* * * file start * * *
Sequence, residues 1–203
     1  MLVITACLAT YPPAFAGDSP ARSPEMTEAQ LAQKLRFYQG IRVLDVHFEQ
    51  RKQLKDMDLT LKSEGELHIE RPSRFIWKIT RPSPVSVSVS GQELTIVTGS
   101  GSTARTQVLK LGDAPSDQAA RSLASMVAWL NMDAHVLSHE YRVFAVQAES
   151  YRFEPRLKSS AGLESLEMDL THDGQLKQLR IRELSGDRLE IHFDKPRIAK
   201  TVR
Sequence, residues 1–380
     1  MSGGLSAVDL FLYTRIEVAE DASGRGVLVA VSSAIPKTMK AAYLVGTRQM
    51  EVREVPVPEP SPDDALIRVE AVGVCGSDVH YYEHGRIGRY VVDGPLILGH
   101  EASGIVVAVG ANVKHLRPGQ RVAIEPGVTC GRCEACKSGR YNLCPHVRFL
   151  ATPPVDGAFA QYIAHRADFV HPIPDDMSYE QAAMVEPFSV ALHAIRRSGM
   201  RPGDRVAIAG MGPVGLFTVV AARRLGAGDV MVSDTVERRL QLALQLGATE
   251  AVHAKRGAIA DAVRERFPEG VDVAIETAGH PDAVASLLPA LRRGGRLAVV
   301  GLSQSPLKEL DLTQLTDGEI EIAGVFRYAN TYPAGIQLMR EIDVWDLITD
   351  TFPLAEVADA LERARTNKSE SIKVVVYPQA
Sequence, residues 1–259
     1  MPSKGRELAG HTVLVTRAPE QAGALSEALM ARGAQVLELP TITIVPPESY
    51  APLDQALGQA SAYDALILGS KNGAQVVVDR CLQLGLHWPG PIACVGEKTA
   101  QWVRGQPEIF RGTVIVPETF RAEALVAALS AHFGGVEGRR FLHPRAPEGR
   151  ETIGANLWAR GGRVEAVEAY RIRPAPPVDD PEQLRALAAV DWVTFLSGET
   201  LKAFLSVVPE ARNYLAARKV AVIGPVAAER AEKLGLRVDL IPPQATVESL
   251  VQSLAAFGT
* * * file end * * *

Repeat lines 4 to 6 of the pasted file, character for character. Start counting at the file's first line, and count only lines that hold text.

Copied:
   101  GSTARTQVLK LGDAPSDQAA RSLASMVAWL NMDAHVLSHE YRVFAVQAES
   151  YRFEPRLKSS AGLESLEMDL THDGQLKQLR IRELSGDRLE IHFDKPRIAK
   201  TVR